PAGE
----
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The Christmas Candy Cane

Of all of the Christmas traditions, consuming and decorating with Candy canes at Christmas is arguably the sweetest of them all. Candy canes are probably the first thing that most people think of when asked to name a Christmas candy or when thinking about a candy that is most associated with the holidays. Their image alone has become a symbol that conjures up thoughts of Christmas. While the candy cane now seemingly comes in all sizes, colors and flavors imaginable (as can be seen on the right and left side of this page), traditionally they are most identified as being red and white striped and tasting like peppermint. But why does the candy cane have that flavor, color scheme and shape? Many don't realize that candy canes were originally just plain white and that they were, in their earliest form, straight. So how did candy canes become such a staple of our confectionary enjoyment of the Christmas holiday season, when and why were candy canes given their unique characteristics that have made them a symbol of Christmas, what do they represent, if anything, and how are they made?

Origins of the Candy Cane

Candy Cane Meanings

Given the time period, around 1900, when many of the elements of the candy cane were added, it would be foolish to dismiss these elements as having had no religious meaning or connection whatsoever. Granted, as each year goes by, Christmas becomes more secularized and now fewer people associate Christmas with the birth of Jesus Christ, but back then they did. Most people didn't celebrate Christmas if they were not Christians and didn't believe in Jesus as their Lord and Savior; Jesus and Christmas were inseparable. And by the time the red stripes and peppermint flavor were added, candy canes had become associated with Christmas, so much so that they appeared on Christmas cards and were handed out at Christmas church services. Granted the person who added the color and flavor could have done so because he or she liked the way it looked and tasted, but chances are they were added for a reason, whatever that may be...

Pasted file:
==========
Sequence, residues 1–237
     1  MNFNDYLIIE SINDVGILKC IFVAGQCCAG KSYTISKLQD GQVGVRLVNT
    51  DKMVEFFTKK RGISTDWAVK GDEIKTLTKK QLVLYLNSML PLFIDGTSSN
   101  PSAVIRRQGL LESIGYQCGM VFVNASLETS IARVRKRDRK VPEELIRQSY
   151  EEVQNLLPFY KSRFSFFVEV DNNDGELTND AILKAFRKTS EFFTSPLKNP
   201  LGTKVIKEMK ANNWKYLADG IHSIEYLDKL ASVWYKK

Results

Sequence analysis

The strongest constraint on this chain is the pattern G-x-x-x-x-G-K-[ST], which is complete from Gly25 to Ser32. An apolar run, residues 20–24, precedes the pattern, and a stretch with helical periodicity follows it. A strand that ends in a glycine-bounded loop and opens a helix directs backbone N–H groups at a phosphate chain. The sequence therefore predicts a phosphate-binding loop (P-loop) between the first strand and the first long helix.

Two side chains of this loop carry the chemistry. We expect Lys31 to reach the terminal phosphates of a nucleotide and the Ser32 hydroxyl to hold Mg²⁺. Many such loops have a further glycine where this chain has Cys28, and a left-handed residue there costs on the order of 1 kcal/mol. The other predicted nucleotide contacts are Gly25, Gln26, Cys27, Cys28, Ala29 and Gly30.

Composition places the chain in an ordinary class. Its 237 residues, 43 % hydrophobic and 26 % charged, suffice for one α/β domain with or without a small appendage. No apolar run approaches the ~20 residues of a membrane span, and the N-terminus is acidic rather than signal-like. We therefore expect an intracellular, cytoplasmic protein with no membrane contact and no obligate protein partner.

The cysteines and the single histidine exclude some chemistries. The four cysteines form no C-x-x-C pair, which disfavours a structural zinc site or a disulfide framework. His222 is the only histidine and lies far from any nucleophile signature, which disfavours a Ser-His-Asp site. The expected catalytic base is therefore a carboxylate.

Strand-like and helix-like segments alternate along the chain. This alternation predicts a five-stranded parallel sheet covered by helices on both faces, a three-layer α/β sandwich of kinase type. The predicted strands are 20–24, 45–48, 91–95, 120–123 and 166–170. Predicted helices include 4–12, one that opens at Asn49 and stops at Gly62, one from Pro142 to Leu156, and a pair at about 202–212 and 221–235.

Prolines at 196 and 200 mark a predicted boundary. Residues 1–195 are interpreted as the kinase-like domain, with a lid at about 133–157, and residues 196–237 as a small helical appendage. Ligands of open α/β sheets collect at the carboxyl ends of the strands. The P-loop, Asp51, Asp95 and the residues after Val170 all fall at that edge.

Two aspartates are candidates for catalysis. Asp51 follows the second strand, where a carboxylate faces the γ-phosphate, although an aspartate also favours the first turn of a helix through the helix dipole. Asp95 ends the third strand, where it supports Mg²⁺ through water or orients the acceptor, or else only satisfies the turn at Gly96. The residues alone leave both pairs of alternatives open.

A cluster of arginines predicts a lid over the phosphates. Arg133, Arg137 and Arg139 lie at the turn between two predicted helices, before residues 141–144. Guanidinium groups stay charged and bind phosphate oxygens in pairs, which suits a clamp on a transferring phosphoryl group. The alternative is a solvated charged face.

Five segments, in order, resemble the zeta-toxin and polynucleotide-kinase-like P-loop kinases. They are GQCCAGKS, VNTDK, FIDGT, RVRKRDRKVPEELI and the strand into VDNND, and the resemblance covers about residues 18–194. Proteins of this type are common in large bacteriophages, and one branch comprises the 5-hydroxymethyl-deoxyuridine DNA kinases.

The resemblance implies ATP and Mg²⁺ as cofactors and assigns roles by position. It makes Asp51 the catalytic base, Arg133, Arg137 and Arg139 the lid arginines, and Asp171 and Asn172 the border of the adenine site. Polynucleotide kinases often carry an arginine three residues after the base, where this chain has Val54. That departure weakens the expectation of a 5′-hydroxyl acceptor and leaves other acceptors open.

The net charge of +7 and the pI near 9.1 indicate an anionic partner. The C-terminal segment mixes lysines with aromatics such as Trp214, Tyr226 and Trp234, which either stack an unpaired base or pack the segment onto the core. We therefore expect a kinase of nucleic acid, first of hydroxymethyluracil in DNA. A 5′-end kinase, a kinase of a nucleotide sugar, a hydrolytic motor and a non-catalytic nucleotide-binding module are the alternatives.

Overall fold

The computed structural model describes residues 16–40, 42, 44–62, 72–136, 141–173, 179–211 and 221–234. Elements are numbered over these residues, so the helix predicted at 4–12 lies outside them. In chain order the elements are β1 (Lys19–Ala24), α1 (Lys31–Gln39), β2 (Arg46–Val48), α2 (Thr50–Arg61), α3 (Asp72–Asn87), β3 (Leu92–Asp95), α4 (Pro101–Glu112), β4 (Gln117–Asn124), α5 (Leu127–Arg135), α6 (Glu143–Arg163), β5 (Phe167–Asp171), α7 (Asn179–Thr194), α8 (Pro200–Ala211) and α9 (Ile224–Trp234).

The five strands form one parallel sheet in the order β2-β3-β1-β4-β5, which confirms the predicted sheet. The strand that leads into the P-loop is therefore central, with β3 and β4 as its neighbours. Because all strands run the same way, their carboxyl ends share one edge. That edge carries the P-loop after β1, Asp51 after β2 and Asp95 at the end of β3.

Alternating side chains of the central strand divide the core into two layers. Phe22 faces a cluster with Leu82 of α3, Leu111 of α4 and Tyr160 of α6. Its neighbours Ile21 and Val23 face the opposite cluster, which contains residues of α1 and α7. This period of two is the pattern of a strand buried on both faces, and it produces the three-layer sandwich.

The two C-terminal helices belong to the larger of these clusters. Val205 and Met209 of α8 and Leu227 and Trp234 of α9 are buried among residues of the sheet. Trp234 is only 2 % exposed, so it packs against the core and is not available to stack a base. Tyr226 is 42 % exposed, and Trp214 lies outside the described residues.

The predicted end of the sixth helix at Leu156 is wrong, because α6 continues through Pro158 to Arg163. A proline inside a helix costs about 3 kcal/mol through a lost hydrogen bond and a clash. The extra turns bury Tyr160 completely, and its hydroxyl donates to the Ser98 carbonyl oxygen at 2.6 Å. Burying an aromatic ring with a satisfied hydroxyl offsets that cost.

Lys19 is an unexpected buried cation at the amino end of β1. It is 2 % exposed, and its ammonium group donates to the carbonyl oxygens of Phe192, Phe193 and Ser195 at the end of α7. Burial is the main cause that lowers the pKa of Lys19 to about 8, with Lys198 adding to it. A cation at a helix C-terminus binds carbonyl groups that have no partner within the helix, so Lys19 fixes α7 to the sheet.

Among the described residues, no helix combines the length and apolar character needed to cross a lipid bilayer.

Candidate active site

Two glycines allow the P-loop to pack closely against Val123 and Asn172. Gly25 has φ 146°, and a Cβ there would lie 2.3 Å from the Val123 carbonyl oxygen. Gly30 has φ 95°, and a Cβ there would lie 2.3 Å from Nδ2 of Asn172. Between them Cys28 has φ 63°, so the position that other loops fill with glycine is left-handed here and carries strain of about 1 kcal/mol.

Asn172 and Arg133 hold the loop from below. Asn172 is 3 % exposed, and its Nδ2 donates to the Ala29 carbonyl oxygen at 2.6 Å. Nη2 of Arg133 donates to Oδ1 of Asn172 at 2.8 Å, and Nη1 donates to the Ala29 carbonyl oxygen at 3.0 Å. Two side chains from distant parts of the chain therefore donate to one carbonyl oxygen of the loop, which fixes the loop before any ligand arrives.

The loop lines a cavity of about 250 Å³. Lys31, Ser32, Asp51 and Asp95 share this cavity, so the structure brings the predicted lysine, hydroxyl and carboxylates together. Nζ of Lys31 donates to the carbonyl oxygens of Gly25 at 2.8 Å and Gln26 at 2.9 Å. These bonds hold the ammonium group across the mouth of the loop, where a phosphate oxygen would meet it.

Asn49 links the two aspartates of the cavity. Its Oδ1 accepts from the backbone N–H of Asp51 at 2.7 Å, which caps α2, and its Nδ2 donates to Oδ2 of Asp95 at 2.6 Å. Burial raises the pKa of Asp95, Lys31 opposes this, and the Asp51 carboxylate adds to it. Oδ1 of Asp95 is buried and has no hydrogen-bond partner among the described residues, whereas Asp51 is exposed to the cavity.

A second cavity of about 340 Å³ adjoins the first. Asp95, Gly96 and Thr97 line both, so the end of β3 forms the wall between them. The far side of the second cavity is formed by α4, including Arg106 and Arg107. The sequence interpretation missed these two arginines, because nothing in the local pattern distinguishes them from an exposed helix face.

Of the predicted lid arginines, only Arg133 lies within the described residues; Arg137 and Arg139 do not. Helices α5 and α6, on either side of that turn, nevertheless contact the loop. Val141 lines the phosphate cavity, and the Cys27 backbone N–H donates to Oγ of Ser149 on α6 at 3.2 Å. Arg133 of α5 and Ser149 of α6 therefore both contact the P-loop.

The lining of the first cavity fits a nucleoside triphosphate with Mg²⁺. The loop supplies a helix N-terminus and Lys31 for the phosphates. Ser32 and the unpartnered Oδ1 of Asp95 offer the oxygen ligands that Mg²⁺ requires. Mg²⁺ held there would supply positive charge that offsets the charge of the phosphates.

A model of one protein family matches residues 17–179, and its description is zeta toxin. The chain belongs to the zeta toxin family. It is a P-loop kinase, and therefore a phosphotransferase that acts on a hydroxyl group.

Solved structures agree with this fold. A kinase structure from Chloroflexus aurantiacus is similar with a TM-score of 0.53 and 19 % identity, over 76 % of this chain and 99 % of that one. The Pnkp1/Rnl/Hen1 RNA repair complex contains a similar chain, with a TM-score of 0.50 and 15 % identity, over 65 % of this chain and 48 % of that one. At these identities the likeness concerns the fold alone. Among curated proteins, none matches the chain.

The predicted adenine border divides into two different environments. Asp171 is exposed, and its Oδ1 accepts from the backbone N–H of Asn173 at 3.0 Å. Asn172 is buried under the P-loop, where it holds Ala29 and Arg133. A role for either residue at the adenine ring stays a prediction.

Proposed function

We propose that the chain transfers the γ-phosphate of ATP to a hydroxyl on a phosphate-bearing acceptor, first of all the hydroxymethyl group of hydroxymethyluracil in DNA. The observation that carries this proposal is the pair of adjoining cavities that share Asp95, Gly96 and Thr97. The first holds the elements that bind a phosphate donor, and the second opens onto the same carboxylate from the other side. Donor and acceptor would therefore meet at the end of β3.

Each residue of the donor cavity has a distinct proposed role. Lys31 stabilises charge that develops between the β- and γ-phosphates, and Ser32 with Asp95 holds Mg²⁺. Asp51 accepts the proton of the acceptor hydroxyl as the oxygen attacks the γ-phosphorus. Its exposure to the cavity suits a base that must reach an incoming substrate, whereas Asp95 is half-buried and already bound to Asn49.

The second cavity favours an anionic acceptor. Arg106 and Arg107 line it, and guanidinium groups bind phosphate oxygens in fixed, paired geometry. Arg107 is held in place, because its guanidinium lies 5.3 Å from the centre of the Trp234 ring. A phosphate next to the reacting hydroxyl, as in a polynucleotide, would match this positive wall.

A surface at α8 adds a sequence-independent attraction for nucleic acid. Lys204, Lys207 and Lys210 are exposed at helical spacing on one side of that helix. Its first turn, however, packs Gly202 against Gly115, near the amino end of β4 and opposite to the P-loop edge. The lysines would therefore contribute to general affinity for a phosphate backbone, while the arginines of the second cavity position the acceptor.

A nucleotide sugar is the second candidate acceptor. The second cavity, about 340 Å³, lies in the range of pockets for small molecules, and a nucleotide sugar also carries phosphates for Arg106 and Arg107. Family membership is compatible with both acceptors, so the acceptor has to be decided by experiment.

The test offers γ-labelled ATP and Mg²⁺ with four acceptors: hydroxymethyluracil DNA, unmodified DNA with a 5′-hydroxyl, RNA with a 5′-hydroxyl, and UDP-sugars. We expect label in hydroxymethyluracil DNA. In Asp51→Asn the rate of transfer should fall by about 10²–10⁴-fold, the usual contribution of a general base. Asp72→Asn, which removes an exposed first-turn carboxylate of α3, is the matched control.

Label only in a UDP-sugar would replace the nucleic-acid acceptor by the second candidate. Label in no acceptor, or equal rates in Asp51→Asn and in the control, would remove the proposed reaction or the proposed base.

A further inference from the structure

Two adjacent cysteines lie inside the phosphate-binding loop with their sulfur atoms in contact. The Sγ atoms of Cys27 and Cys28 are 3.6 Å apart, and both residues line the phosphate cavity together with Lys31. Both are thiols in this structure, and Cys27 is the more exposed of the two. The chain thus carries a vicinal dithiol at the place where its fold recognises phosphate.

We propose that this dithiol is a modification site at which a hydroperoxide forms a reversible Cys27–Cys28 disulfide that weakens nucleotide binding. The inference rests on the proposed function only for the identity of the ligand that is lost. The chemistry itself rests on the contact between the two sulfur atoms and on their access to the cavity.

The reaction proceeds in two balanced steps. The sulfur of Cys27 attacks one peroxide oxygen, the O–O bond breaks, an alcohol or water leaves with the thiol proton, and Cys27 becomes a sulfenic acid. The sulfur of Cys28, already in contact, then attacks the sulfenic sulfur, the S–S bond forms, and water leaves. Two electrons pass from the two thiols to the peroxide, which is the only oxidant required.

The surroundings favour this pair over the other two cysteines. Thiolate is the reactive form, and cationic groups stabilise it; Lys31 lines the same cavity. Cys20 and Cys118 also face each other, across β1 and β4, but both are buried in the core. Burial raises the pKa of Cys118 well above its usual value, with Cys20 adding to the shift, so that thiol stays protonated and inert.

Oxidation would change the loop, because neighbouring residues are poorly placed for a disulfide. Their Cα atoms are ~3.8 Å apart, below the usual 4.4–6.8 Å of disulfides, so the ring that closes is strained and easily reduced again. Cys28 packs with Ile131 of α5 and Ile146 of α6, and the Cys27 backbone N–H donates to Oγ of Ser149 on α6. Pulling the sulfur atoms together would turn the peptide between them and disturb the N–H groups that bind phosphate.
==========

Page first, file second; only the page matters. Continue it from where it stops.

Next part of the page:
How Candy Canes are Made



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